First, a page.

This last winter, activist Alfredo LLamedo began a one-man hunger strike in front of City Hall in protest of a city ordinance banning people from sitting or lying on downtown sidewalks. Within weeks, it evolved into what became known as Camp Hope — a group of people camping outside speaking against criminalizing homelessness and calling for more shelter space.
Yesterday, however, LLamedo faced a group of friends and media members in front of City Hall for a different reason. He lifted his camouflage Superman hat, wiped his forehead, and took a deep breath before announcing his "days are numbered." LLamedo, who's been homeless off and on throughout his life, has been battling liver cirrhosis since the fall, among other illnesses and is currently in hospice care. He urged the community to carry on his message when he's gone.
"I'm almost out of here," LLamedo said. "I'm asking you, as a community: Deliver the message. Get it out there for me."
LLamedo's message hit the same notes as any other time the activist has lambasted City Council or the mayor during public meetings in recent years. Only this time his speech contained a little less cursing. He spoke against laws and policies that criminalize homelessness, and he encouraged love and compassion for those experiencing homelessness.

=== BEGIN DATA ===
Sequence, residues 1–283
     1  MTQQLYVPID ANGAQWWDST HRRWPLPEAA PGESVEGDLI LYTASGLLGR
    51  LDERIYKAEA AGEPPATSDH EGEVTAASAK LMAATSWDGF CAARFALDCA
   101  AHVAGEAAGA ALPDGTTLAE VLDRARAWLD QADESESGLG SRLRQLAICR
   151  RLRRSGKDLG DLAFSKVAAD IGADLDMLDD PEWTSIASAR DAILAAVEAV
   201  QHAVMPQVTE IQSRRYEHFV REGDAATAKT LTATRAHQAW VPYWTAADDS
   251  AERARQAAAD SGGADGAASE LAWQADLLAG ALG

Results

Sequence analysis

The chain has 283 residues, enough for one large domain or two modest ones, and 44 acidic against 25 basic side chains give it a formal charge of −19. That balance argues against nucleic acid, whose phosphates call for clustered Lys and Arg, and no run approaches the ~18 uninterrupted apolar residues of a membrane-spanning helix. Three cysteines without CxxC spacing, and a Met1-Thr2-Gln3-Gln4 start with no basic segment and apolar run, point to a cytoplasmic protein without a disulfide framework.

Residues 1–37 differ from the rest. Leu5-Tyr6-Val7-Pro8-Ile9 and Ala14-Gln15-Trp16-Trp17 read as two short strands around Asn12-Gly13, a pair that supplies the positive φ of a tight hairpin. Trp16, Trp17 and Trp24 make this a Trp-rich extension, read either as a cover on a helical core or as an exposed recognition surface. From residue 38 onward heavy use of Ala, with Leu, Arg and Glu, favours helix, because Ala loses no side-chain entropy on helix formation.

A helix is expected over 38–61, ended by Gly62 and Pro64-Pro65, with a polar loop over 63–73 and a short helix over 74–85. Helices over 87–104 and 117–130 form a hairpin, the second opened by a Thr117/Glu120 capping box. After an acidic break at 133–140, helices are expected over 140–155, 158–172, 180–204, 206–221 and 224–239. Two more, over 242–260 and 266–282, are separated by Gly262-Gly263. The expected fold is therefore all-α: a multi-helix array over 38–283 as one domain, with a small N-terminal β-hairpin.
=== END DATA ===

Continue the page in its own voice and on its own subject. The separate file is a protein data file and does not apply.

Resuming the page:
"There's nothing that makes you a criminal just because you're homeless," LLamedo said.
He admits he's been a guy who's screamed expletives and that people came to know him as the "M—-F—- guy." But he says he's also the guy who loves and cares about the community.
The City Council agreed to temporarily suspend its sit-lie law this winter shortly after LLamedo's protest of it. But by that time, homeless campers had joined LLamedo to stay outside City Hall, living in donated blue tents. They demanded the city provide shelter space in the cold winter months. When the city opened up warming centers, Spokane Police evicted the Camp Hope campers in mid-December.
The protest sparked a community discussion regarding homelessness. But as the city was being criticized for its delay in adding shelter space, one former city official — Dawn Kinder, then the city's Neighborhood and Business Services director — suggested the activism impeded efforts by city officials to find shelter space.
On Monday, LLamedo held back his criticism of the city and focused on a positive message.
"If I leave you with one thing today, it's that: Be loving. Be caring. Be compassionate. Don't turn your backs on those who need it the most. Because they really do," he said. "It's getting worse and worse and worse. It's not getting better."
He says he loves the city and the compassion that's been shown to him. The community should stand for people, and he's concerned about those — even kids — still living on the streets
"That's not who Spokane is. I know that's not who Spokane is. And I am asking you to deliver that message," LLamedo said. "Because I'm done."